Adam doesn't indulge in junk food often. Doesn't. Didn't. Back when he'd been all flesh and bone, whether SWAT or security, keeping his body in top shape had been a priority—high demand for regular gym visits and no room for the crap Detroit's fast food restaurants had to offer. The only gustatory vice he'll admit to is breakfast cereal made with exorbitant amounts of sugar, while the occasional burger or pieces of fried chicken had been a rare luxury (and he's hard pressed to even call it a luxury when he'd never had much of a taste for it to start with.) Fries had been nice, though. Salty, Belgian style dipped in mayonnaise that Megan had found exceptionally weird. Adam could appreciate that on occasion.

Things are different now. There's no Megan around to tease him about his European fast food tastes or his fondness for cereal brands marketed mostly towards children. His body doesn't place the same demands on him it once did. Mechanical limbs with no demand for oxygen make proper cardio training near impossible, though with an energy converter mounted on his heart extracting fat and carbs from his bloodstream before there's ever chance for them to be deposited, nor does Adam feel much concern for the deterioration of his remaining organic parts. The protein distributor in his Sentinel implant takes care of his muscles and vascular system. The rebreather in his lungs already maximises his aerobic capacity. He suspects he could live a long time on a diet of junk and have all the tech grafted onto him nullify the side effects while extracting more nutritional value from it than it has any right to.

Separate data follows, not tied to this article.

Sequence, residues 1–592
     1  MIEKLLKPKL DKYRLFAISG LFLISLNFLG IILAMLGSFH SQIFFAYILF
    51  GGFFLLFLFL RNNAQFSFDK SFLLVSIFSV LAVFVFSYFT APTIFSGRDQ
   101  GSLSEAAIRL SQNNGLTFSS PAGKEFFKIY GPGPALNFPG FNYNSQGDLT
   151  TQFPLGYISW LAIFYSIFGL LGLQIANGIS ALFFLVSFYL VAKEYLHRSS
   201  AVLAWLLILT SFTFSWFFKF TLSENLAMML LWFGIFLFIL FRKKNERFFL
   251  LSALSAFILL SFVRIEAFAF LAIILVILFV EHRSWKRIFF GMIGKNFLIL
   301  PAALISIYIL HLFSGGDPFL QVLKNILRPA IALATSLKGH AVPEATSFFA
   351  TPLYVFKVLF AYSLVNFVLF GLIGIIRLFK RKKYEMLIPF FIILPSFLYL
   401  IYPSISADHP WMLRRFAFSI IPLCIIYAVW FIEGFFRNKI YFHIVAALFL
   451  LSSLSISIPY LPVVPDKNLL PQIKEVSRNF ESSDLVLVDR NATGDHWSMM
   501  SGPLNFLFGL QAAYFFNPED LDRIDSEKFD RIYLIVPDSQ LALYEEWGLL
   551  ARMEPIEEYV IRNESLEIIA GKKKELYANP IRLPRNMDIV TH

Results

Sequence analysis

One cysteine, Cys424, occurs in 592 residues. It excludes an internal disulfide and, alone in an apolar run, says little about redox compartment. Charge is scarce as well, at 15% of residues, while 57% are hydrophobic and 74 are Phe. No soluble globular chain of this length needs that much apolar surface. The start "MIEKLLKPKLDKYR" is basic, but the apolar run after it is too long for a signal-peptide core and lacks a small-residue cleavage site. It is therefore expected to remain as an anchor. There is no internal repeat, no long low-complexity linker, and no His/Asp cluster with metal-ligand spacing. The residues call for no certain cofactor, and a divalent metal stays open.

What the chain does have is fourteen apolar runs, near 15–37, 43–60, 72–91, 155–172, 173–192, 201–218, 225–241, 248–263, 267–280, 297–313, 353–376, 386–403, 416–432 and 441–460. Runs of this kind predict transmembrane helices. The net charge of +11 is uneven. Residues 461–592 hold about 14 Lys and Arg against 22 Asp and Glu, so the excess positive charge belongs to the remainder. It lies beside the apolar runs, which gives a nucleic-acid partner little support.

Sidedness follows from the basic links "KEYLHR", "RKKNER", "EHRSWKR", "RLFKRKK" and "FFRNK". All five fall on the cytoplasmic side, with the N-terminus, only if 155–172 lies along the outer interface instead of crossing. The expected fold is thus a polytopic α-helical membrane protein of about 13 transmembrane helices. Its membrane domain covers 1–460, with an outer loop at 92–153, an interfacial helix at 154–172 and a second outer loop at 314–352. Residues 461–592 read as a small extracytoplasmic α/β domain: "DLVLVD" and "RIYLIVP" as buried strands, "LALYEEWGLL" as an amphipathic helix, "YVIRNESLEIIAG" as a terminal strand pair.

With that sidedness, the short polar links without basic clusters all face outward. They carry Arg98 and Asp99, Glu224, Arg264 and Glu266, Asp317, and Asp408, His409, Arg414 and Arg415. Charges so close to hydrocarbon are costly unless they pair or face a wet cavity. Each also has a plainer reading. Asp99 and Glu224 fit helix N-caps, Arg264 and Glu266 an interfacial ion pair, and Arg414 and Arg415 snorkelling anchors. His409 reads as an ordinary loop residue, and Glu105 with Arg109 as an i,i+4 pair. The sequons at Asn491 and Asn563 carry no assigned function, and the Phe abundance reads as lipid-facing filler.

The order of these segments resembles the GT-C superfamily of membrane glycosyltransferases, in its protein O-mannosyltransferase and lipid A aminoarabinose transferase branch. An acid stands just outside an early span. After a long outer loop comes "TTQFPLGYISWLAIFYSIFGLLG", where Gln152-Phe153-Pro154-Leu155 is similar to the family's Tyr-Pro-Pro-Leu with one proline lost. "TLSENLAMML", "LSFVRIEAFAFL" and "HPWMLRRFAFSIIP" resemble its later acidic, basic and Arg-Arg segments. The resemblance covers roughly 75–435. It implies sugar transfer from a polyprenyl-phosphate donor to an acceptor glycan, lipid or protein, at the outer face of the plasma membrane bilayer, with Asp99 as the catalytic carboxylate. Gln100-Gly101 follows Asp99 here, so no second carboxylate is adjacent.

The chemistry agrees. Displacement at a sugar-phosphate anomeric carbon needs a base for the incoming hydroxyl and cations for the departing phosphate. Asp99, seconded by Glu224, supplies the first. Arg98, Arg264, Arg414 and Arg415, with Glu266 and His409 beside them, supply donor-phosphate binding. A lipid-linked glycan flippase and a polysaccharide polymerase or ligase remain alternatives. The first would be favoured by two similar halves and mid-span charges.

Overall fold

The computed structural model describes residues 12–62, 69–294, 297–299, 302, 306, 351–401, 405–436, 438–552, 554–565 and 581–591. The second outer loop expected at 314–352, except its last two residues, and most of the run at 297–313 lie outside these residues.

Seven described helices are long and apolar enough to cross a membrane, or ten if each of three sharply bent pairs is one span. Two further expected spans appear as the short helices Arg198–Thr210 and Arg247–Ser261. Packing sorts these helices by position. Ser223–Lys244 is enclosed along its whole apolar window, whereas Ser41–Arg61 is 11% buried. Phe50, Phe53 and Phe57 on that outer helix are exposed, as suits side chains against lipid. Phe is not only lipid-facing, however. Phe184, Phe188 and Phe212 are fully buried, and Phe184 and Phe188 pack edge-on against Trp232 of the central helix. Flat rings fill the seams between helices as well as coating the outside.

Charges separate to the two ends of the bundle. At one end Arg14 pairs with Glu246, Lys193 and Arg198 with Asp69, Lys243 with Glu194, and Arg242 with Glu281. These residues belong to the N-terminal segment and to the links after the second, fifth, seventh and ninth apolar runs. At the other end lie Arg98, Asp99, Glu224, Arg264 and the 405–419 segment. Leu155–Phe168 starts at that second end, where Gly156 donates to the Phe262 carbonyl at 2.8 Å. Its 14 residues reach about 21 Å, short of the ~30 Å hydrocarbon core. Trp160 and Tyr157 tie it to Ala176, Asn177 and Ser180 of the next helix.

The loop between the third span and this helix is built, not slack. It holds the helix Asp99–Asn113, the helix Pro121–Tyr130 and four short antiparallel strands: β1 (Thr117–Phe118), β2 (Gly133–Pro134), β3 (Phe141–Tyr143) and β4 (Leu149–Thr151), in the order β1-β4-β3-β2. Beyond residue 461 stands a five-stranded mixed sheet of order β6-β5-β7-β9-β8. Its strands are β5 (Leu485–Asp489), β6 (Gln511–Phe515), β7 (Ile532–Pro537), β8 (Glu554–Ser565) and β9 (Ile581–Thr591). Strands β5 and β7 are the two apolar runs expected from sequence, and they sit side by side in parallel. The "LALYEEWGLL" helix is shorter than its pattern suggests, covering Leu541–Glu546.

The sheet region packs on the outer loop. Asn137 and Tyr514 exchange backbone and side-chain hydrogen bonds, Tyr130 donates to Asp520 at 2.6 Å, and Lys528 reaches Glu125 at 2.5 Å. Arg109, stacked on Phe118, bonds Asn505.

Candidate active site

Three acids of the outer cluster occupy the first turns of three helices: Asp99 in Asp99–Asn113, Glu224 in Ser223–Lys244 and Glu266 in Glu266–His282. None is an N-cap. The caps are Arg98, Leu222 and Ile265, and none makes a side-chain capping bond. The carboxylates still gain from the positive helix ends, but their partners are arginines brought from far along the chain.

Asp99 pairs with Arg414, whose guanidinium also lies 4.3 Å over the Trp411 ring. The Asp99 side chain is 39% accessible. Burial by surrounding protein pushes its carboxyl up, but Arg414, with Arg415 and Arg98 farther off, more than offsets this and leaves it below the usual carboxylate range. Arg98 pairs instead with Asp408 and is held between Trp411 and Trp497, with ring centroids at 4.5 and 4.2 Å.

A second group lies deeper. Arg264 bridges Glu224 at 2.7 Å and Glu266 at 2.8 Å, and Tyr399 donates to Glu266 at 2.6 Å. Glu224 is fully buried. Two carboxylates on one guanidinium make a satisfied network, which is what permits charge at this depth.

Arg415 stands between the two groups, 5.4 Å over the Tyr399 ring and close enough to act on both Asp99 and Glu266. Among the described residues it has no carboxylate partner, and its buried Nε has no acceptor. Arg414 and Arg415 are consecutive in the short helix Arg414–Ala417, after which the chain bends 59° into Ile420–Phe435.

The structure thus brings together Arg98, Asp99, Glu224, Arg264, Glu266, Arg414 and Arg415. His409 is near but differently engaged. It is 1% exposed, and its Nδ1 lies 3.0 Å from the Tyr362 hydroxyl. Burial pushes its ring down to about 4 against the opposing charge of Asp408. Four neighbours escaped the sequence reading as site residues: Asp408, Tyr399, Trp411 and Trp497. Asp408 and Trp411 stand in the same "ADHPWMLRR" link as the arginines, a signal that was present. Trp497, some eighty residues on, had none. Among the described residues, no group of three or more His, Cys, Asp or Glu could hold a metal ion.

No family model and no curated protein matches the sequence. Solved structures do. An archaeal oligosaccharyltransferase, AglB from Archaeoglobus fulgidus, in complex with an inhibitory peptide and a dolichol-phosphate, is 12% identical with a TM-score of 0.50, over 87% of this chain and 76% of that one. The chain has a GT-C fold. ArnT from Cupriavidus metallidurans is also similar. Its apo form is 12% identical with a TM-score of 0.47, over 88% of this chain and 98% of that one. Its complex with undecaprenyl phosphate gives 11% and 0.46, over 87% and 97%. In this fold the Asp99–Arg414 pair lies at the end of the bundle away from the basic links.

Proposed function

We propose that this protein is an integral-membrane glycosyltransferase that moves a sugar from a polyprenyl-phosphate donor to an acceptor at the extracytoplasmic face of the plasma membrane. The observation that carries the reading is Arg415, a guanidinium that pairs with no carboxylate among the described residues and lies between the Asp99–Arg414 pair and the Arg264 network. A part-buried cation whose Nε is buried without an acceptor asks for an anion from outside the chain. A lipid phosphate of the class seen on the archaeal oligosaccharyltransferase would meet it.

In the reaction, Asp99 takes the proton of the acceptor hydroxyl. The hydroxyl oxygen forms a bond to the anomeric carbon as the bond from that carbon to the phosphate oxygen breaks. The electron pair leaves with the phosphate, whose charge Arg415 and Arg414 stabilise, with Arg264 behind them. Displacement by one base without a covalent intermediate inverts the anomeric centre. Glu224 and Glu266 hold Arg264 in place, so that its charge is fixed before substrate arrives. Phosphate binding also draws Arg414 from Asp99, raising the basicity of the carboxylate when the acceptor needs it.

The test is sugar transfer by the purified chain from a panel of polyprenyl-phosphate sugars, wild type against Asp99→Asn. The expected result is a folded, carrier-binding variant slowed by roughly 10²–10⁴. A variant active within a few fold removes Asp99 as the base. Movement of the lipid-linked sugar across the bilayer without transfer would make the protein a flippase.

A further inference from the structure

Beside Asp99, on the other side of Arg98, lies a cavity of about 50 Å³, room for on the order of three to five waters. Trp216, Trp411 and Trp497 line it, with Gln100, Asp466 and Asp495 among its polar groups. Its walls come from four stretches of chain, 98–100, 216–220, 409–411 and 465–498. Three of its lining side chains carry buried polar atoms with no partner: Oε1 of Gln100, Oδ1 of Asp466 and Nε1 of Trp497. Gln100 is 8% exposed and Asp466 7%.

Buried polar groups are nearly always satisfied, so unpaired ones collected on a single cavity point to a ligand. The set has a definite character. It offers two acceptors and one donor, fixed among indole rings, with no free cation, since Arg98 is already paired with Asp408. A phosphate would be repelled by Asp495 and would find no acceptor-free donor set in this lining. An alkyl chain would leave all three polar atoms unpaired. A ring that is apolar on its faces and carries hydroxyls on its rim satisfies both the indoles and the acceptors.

Small pleasures, he supposes. Even cigarettes don't seem able to touch him anymore. Seems like a free pass to overindulge and maybe find something he's still capable of enjoying.

On the way home from his second appointment at the LIMB clinic as an outpatient following the surgery, Adam stops at a street vendor and buys a serving of fries. Loading it up with more salt and mayonnaise than he ever would have allowed himself a few months ago, he stands on a street corner and eats.

Counter to his fears, his sense of taste hasn't been dulled by the painkillers or the presence of new circuitry in the sensory processing centers of his brain. It tastes good. Shutting out the rest of the world for just a few precious minutes, he eats the fries slowly and savours eat bite. Unlike the signals coming from his new limbs, the textures and flavours on his tongue remain familiar and natural and vivid, and from them Adam draws what small pleasure he can.

Once he's done, looking down at the empty bag, he sees the traces of salt and sauce left behind on his sleek black fingers. There's a trash can only a few feet away, but with his hand already raised halfway to his mouth, Adam pauses. He'd have licked it off once, without a thought. Now he's hit with the bizarre sense that he isn't looking down at his own hand, but a tool.

When you eat with a spoon, you rarely let it actually touch your tongue, do you? Funny what you never notice.

Tentatively, he raises his fingers to his lips and tries to lick away the condiments as casually as he would were his hand still flesh. The remnants of the lingering flavours hit his tongue, and then behind that, there's an altogether sharper taste, metallic, belonging to a texture that's cool and smooth as if it really were nothing more than a utensil. The hard edges of articulated knuckles bite into his lips.

Should have picked up a napkin. Adam pulls a face and wipes the remainder of his fingers on his jacket instead, then walks briskly to the trashcan and thrusts the carton in without looking at his hand.

His jaw is clenched as he continues to head home, the aftertaste in his mouth turned bitter. In future, he thinks he'll stick with the cereal.